Reptiles

Due to the toxicity of their bites, mambas are widely regarded to be some of the most fear snakes in the world. Due to the toxicity of their bites, mambas rarely hold onto their prey in attempts to constrict it. Instead, after a single bite, they usually wait for the unlucky animal to succumb to paralysis and death. They do not have many predators. Snake eagles are known to prey upon mambas. The cape file snake, a smaller species of nonvenomous snakes that are immune to most snake poisons, are also known to prey upon mambas, though their smaller size makes it difficult. While not immune to poison entirely, the yellow mongoose has a high tolerance and is usually agile enough to avoid most bites, though such confrontations are rare. 

 

 

 

 

 

THE EASTERN GREEN MAMBA 

THE EASTERN GREEN MAMBA 

The Eastern Green Mamba, one of two species of mamba found in South Africa, is, arboreal. Its green coloring allows it to blend in with its environment, so they are often thought of as shy and elusive. They also tend to prefer to adopt a “sit and wait” ambush approach to finding food, as opposed to other snakes who actively forage for their meals. Males are usually just shy of six feet long, whereas females are usually over six feet. Like all mambas, the bite of an eastern green mamba is highly toxic with death occurring in as little as half an hour after the bite.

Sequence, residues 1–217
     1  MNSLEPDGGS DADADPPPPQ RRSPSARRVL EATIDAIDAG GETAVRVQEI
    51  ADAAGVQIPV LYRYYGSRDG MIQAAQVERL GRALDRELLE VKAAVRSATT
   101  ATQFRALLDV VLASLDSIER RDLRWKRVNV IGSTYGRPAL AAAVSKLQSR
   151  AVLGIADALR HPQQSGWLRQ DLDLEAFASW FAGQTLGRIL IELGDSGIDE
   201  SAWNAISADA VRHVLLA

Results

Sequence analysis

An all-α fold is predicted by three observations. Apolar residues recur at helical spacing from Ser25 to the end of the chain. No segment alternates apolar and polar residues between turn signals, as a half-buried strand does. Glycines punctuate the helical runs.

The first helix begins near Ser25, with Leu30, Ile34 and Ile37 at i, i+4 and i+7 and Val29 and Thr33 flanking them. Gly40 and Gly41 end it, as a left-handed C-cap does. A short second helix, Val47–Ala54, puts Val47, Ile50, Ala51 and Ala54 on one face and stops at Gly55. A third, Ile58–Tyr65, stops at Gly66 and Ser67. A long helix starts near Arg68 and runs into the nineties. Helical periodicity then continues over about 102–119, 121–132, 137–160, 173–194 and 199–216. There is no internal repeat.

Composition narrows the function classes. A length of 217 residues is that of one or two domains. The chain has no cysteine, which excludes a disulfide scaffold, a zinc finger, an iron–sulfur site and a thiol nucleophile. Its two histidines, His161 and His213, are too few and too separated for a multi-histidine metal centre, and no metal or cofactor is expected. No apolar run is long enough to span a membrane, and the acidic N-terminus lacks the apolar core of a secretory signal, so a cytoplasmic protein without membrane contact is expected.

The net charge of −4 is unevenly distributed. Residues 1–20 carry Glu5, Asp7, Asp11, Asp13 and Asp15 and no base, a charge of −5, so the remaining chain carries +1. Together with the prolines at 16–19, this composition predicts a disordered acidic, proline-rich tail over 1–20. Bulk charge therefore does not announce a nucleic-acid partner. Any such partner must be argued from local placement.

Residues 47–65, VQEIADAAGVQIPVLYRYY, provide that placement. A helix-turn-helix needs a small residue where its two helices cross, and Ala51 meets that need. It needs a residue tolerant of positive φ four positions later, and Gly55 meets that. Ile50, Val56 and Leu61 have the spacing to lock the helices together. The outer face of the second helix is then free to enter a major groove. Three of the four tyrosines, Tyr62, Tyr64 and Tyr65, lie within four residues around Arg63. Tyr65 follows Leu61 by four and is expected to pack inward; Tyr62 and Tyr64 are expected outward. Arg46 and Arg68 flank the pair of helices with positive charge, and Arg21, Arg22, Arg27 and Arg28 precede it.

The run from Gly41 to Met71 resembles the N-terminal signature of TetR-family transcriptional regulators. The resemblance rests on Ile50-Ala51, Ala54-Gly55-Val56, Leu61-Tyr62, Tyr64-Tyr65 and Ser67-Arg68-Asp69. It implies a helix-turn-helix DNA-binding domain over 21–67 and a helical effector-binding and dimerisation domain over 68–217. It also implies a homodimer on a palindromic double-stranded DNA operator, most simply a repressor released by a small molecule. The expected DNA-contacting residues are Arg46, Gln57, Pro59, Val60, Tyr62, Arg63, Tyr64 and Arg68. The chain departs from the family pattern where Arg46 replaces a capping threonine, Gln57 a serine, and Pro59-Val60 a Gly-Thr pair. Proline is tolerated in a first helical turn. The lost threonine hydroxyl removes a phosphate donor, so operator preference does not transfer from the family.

THE BLACK MAMBA

THE BLACK MAMBA

Unlike other mambas, black mambas generally prefer terrestrial abodes. Despite its name, black mambas are never black. They are usually a dark grey, but can be olive, brown, or khaki in coloration. Black mambas are the second largest known species of snake, usually measuring between six and nine feet in length, but able to grow to as long as fourteen feet. Though black mambas are the fastest snakes indigenous to Africa, stories of their speed have been greatly exaggerated. They cannot, for instance, outpace a galloping horse and there are no documented incidents of a snake moving faster than ten miles per hour.